A Wood Stork was reported flying over Niles Pond in Gloucester on October 29. On November 4, Jeffrey Thomas came across one at Horn Pond in Woburn. The bird was in poor health, and the next day was captured and brought to New England Wildlife’s Birdsey Cape Wildlife Center, where it was still recuperating at press time. It was suggested that the Woburn bird was the one that had been seen in Gloucester a week earlier until a stork was photographed on the Annisquam River in Gloucester two days after the Woburn bird had been captured. Mary McMahon took the photo above.
Suzanne Sullivan picked out a Pacific Golden-Plover from a crowd of 60-plus Killdeer at Spencer Pierce Little Farm in Newburyport. The fifth documented record for Massachusetts, it drew a crowd for the few days that it remained in town. Suzanne took the photo above.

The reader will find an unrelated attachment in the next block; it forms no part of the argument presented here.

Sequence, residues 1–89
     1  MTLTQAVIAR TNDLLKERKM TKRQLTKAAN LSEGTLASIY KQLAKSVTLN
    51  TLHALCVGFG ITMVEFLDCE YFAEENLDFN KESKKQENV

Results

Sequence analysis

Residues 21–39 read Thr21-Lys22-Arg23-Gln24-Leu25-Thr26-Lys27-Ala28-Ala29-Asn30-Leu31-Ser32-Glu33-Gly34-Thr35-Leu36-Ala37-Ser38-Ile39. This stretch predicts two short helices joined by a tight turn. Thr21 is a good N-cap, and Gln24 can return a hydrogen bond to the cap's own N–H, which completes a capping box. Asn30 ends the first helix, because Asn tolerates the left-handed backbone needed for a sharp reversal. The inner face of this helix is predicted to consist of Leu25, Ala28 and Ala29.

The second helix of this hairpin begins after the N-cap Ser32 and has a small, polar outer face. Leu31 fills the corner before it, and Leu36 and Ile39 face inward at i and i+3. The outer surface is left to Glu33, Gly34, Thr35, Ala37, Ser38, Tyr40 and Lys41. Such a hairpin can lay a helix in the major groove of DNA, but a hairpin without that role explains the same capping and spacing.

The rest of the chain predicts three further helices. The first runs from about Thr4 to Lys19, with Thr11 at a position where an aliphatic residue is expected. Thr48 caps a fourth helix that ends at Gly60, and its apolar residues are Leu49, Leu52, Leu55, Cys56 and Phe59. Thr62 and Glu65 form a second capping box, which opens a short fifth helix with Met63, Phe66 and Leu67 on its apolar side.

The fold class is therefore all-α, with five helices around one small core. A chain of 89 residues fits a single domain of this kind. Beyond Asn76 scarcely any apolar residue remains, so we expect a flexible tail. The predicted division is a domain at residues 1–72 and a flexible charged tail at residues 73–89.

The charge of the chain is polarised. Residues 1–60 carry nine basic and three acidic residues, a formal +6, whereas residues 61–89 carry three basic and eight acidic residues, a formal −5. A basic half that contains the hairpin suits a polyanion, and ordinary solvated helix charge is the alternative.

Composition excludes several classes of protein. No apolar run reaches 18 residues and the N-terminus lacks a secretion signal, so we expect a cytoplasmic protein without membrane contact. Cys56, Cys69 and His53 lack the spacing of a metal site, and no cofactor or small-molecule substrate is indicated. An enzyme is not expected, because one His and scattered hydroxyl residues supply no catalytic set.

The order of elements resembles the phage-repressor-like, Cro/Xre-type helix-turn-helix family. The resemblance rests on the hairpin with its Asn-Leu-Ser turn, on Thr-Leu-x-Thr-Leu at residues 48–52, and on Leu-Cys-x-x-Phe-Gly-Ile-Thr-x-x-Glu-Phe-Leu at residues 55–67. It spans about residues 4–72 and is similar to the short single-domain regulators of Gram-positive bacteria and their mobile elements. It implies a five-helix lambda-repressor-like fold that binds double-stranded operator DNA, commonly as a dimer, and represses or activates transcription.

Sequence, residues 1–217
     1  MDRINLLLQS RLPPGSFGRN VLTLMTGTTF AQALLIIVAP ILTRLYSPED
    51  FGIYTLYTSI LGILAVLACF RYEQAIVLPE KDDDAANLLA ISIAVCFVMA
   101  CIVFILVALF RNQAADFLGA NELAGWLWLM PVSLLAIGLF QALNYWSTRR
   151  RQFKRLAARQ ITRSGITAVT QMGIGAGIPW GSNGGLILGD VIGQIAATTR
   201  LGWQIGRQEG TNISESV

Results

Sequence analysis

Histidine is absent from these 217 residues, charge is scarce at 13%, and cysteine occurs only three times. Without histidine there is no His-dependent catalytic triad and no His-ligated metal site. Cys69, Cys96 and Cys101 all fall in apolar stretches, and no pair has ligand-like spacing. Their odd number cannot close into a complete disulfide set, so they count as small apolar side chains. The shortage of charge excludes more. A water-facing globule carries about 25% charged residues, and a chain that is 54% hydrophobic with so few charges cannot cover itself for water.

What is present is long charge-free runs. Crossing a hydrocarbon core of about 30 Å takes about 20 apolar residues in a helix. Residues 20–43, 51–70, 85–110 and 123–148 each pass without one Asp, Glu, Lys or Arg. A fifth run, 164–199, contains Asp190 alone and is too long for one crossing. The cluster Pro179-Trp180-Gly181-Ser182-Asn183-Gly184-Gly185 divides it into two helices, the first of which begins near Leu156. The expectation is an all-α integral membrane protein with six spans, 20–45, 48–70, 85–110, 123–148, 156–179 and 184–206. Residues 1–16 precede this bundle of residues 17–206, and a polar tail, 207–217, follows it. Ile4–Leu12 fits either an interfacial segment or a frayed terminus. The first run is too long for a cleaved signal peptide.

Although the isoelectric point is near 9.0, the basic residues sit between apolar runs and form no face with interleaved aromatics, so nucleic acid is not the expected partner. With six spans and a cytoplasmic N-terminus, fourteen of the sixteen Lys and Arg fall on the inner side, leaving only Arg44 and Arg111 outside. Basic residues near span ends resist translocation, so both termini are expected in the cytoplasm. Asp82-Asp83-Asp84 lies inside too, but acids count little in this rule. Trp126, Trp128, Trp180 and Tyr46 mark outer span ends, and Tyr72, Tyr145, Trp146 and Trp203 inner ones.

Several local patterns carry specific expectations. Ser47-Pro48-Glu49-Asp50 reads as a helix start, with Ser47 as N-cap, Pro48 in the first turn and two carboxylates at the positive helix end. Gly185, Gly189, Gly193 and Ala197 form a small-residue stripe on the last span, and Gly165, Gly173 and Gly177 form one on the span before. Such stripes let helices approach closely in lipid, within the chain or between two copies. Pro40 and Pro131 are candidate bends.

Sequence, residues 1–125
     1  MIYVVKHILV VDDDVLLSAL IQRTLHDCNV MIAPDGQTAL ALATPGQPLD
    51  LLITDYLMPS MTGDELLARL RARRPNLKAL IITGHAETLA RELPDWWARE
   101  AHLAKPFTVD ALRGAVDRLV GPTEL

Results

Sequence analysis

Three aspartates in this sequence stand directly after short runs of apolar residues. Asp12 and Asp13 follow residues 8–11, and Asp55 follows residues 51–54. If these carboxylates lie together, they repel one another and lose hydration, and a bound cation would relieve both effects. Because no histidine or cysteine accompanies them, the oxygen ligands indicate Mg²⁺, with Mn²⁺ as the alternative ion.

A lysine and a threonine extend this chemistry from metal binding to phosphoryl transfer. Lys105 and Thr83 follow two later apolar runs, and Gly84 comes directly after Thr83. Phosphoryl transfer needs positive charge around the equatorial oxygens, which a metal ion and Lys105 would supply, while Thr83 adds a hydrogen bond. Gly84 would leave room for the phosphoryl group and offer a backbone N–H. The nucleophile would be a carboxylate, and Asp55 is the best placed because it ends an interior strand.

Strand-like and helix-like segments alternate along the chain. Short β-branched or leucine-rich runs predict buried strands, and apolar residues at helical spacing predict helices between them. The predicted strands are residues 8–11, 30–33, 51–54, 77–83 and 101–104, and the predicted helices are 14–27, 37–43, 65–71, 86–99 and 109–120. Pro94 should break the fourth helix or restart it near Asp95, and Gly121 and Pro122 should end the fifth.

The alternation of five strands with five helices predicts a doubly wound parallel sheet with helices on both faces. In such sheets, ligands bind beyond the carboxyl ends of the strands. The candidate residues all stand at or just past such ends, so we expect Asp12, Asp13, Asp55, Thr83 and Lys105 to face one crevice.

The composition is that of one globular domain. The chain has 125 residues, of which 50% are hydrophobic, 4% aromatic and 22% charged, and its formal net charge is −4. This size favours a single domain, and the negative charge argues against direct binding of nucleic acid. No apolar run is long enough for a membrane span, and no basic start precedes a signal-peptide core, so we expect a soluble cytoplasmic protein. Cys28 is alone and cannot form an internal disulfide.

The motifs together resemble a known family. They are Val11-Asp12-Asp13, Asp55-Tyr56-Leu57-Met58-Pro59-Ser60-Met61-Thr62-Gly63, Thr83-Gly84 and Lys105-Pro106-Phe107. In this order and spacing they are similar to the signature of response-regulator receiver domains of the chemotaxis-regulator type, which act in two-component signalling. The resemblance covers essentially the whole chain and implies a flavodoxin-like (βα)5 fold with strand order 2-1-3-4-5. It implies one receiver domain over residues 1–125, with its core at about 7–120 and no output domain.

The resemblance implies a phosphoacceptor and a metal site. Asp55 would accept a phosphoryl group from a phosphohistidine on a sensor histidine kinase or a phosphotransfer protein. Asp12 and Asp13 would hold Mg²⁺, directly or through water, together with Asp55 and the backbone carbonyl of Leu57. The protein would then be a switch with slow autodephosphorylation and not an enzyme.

Alex Burdo discovered a Northern Wheatear in his backyard in Yarmouthport on September 21. It was a one-day wonder but several birders did arrive before the day was over to enjoy the bird. Another Wheatear was found a mere week later and only 10 miles of shoreline away, but was thought to be a separate individual based on differences in plumage between the two. Sue Finnegan took the photo above.
The big storm on October 28 caused a flabbergasting flight of seabirds past First Encounter Beach, including more than 10,000 eiders, 16,000 scoters, 640 Red Phalaropes, 630 Dovekies, 380 jaegers of all three species (but mostly Pomarine), and two Great Skua. More than a dozen birders, anticipating the weather conditions, were on hand to witness the incredible spectacle. Tim Spahr took the photo above.
Pineapple sage is a plant known for attracting vagrant hummingbirds in the late fall and winter. Matt Garvey planted some in his yard in Brookline, and this fall it paid off when a Rufous Hummingbird showed up on October 28. Sue Finnegan caught and banded the bird, and confirmed its identification. It continues to visit Matt’s feeder at the time of this writing. Erik Nielsen took the photo above.